iPad Air vs. iPad Mini 2: Hardware, connectivity & reparability
In our iPad Air vs iPad Mini 2 review, we compare specs, battery life and pricing...
Hardware, connectivity & reparability
The fifth-generation iPad and second-generation iPad Mini are neck-and-neck in terms of hardware. Both use a dual-core A7 1.3 GHz chip, which supports 64-bit apps and is paired with 1GB of RAM.
The entry-level models start with 16GB of internal storage and both offer up to 128GB of internal storage.
The iPad Air and iPad Mini 2 also have the same connectivity options. Both ship with minimal ports, with a Lightning connector on the bottom of the device, to transfer media and charge the device and a headphone jack at the top. There's no way of expanding the physical storage, however, so you'll have to choose carefully when you're buying.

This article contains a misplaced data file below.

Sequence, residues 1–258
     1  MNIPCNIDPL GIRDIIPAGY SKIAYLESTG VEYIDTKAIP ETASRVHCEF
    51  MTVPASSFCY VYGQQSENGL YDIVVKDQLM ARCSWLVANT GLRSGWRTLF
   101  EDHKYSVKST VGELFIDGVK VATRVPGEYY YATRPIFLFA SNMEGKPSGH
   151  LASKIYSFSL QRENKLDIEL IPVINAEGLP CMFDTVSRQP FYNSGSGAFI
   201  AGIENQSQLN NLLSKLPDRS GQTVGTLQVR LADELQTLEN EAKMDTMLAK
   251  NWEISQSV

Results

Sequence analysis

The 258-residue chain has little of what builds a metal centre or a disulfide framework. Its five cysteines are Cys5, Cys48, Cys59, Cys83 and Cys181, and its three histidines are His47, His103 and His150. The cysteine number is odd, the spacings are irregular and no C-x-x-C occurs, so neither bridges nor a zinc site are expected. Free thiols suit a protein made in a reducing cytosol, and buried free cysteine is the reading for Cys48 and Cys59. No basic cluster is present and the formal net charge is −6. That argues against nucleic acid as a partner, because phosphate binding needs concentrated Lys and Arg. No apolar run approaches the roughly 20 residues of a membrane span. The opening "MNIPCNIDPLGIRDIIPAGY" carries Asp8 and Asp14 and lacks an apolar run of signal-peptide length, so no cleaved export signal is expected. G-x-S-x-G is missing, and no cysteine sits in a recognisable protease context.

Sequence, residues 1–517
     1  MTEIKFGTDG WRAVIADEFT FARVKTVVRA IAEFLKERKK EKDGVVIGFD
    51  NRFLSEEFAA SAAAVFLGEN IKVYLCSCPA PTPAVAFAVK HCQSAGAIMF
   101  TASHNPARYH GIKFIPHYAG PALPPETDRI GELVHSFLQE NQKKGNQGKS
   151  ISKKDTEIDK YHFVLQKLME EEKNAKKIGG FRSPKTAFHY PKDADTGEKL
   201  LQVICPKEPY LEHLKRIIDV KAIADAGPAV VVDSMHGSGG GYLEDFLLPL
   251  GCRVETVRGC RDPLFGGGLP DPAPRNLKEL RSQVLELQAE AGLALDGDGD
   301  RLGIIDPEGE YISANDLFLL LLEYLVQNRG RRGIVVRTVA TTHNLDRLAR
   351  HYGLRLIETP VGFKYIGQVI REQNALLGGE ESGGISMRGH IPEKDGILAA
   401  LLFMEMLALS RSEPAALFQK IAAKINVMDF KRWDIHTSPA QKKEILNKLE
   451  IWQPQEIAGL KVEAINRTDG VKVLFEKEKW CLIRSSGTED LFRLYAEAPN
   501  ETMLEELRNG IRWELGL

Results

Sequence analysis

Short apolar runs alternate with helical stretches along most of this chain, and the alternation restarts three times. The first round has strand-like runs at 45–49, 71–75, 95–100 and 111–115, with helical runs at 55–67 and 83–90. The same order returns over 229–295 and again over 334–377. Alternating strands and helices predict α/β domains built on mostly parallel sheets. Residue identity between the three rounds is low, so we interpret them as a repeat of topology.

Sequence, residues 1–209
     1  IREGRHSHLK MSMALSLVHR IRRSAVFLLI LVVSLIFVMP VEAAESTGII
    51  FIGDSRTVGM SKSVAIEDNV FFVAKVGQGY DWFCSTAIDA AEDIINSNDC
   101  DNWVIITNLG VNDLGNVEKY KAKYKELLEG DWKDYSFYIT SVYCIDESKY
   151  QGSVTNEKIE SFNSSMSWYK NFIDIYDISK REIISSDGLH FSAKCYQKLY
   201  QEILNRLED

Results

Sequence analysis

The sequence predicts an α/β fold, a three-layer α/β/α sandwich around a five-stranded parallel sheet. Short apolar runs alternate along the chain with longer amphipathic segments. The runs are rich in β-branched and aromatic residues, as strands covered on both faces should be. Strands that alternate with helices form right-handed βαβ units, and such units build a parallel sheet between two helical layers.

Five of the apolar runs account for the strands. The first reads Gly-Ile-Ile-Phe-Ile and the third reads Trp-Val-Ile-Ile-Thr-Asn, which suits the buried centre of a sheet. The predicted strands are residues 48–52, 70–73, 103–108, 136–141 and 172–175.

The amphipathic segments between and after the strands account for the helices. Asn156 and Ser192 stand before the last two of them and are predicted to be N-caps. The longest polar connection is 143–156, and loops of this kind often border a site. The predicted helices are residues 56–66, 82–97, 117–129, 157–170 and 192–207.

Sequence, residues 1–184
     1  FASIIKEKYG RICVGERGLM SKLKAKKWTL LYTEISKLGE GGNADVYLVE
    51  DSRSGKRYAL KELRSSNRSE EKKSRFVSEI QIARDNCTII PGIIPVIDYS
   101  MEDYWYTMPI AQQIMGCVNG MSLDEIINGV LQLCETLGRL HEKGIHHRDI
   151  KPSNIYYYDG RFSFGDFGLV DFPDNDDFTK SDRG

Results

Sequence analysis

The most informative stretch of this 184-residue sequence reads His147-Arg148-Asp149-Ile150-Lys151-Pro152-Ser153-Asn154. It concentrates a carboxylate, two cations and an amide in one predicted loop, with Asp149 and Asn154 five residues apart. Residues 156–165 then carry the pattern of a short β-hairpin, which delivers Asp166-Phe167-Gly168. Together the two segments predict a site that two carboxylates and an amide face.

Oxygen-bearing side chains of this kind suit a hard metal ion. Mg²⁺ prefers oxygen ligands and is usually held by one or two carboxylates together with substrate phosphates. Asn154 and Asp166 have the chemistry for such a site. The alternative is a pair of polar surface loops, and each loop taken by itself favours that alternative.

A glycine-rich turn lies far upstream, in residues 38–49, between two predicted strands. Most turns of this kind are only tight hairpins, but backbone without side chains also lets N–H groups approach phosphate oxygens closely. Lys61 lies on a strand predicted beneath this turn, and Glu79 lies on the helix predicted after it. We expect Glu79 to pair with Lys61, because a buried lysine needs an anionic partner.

The iPad Air and iPad Mini with Retina share the same 5-megapixel iSight rear cameras, with a front-facing 1.2-megapixel snapper for FaceTime calling.
Wireless connectivity is also identical, with Wi-Fi 802.11 a/b/g/n, Bluetooth 4 and 4G support included. Both iPads have the same sensors too a three-axis gyro, accelerometer and ambient light sensor.
iPads are notoriously difficult when it comes to user repair. Both the iPad Air and iPad Mini 2 received an abysmal reparability score of 2/10 from teardown site iFixit. That means that if you ever need to replace a damaged screen or ailing battery, then it's best to get it done professionally or risk damaging vital components and connectors.
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